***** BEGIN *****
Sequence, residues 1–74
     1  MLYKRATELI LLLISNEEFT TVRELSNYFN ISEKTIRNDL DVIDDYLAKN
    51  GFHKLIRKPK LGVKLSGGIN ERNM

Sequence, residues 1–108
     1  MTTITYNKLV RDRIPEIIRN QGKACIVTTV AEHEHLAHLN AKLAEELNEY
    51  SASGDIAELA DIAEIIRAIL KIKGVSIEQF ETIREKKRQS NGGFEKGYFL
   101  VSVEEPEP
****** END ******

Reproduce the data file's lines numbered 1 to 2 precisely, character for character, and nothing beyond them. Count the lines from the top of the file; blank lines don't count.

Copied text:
Sequence, residues 1–74
     1  MLYKRATELI LLLISNEEFT TVRELSNYFN ISEKTIRNDL DVIDDYLAKN